Market Report: Tobacco and liquor damage shares' health

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The Independent Online
A FAMILIAR combination - champagne and cigarettes - had shares in a spin yesterday.

The FT-SE 100 index fell 20.3 points to 2,818, with BAT Industries and Guinness weighing heavily on a stock market already softened by rumours of billion-pound rights issues.

BAT slumped 33p to 926p, lowest this year, as the fear grew that the Clinton administration in the US will soon impose savage tax increases on cigarettes and tobacco. And just to add to its discomfort, BAT had to contend with a short-lived story that it would emerge as the long-suspected bidder for the TSB banking group.

But it was the tax impact, with some talking of a 50 per cent increase, that did most of the damage. The known Clinton dislike of tobacco added fuel to the story. Rothmans International was also hit, down 18p at 603p.

Guinness lost 12p to 456p as analysts expressed concern about champagne sales by its 24 per cent-owned associate, LVMH. The French group, which embraces most of the top champagne marques, has cut some of its prices in a bid to improve sales.

Morgan Stanley, the US house, was quick to lower its expectations and Barclays de Zoete Wedd, anticipating lower LVMH projections by its French affiliate, chipped its Guinness profit forecast by pounds 5m to pounds 975m.

Glaxo Holdings and Imperial Chemical Industries remained under the rights issue whip. If the two made big cash calls in quick succession it would demoralise the market. Many observers think ICI will launch a massive rights issue tomorrow, with its results and details of the Zeneca demerger, and any Glaxo development is unlikely for some considerable time.

Barclays, the banking group, British Airways and Royal Insurance are others in the rights frame.

The National Westminster results did nothing to relieve the Barclays unease, helping the shares to fall 21.5p to 427.5p. NatWest lost 16p to 443p. TSB, after early progress on the BAT rumour, ended 1p off at 173p.

A confident trading statement from Grand Metropolitan seemed to be outweighed by a fractious shareholders' meeting and the shares fell 6p to 445p. Unilever's figures left the shares 14p higher at 1,160p.

Insurances suffered from ripples in the US suggesting premium increases were proving difficult to implement.

BET, the business services group, slumped 8.5p to 88.5p. Hoare Govett sharply reduced next year's profit expectation from pounds 100m to pounds 81m. This year's estimate is held at pounds 70m. James Capel is looking for a dividend cut from 6.5p to 4p.

Food retailers were ruffled by suggestions that some large lines of stock hovered. Tesco seemed to be the main casualty, although late trades relieved the pressure and the shares closed off their worst, down 6p at 238p.

Lloyds Chemists shaded 2p to 275p as Royal Insurance said it had sold 3.84 million shares (3.26 per cent), reducing its stake to 88,074 shares.

Vodafone Group dipped 8p to 380p following a US presentation by Goldman Sachs. Amstrad, the electronics group, put on 4p to 29p on its unexpectedly good trading performance and dividend payment.

The firm oil price provided some support for oil shares, with British Petroleum up 6p at 276p.

Talk of takeover action continued on the property pitch. Hammerson was again in demand. The voting shares rose 6p to 330p and the low-voting 'A' shares 12p to 316p. British Land, the suggested bidder, held at 230p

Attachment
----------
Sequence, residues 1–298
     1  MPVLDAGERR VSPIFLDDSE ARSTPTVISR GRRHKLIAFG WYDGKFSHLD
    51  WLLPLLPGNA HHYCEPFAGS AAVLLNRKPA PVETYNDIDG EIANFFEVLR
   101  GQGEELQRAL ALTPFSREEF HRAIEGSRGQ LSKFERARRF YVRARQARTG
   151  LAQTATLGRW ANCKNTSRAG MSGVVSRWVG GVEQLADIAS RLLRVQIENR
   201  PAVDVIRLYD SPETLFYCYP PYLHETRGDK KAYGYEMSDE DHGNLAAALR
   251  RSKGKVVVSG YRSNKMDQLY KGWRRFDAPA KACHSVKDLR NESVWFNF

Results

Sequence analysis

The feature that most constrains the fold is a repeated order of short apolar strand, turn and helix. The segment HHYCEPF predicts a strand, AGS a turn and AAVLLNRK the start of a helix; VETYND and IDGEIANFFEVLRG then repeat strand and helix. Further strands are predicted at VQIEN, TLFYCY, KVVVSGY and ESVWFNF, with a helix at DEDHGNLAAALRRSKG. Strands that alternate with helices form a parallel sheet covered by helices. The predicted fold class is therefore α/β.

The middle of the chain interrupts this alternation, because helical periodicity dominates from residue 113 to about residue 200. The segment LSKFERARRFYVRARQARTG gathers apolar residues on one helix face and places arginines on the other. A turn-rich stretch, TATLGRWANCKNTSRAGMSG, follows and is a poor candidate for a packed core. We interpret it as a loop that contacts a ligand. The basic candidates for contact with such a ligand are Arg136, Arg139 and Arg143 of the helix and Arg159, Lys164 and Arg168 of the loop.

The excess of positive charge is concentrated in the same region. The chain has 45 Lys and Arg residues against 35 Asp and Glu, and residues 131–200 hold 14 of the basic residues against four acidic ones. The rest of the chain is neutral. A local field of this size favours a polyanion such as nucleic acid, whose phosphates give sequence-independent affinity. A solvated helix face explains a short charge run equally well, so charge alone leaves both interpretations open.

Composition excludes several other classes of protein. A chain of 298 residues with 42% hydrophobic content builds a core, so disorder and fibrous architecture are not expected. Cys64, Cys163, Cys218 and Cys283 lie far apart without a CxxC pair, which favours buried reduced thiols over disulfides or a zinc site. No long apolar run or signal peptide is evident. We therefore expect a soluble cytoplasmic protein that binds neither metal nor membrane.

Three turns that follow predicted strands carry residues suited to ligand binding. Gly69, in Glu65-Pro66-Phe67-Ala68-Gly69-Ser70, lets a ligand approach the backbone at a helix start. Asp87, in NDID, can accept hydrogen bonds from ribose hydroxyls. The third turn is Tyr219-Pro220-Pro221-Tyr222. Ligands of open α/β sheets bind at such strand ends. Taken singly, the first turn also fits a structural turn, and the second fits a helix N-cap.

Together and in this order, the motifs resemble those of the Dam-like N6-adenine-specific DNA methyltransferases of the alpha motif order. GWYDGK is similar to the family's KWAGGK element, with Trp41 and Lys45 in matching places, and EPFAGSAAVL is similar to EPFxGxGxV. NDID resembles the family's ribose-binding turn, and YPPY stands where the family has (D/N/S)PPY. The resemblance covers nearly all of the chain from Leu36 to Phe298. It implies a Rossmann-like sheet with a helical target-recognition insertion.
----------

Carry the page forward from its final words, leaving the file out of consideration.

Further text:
Stakis, the leisure group, edged forward 1p to 46p, as its pounds 29m rights issue was 93.26 per cent taken up and the rump placed at 44p.

Stylo, the shoe retailer, held at 125p. M&G Second General Trust now has just under 9 per cent. A fund manager at the group said: 'We do know the company and see a move back to break-even this year with possibly good news on the dividend.'

Aberdeen Petroleum firmed to 13.75p as Pittencrieff lifted its stake to 19.1 per cent. Pittencrieff lost 19p to 341p.

Amberley Group, the building preservation group, gained 10p to 33p, reflecting hopes of takeover action following the shareholding shuffle.

Some of the recent outperformers among the small fry ran into profit-taking. Cannon Street Investments fell 1.5p to 9.75p and Ticketing Group lost 0.25p to 2p. Speculators in Castle Mill International, where revamping action is confidently expected, grew tired of waiting and took profits, pushing the shares 1.25p lower to 11p.

The stockbroker Pilling & Co expects Colorgen's recovery to continue. Like many London-traded US groups, the maker of computerised colour-matching systems has found the going difficult. But Pilling expects good interims and forecasts a move into 'the realms of impressive growth'. Year's earnings could be 6.6 cents a share against 5.5. The shares are 39.5p.

Nick Berry, son of the former Daily Telegraph owner Lord Hartwell, has emerged as a big shareholder in Kunick, the struggling fruit machine and nursing home operator. Through his Stancroft Trust investment vehicle, he has bought 10 per cent of Kunick's preference shares and 6 per cent of the ordinary shares. Yesterday the ordinaries fell 0.25p to 5.5p and the prefs stuck at 56p.

Alvis, the old United Scientific Holdings, edged ahead 1p to 28p yesterday, reflecting sudden interest in its 51 per cent-owned, quoted Singapore subsidiary, Avimo, a maker of gun optics. This week Avimo shares moved ahead, pricing the Alvis stake at pounds 33m. Alvis, which is valued at pounds 15m, has attempted to streamline its operations and is regarded as a classic recovery stock.

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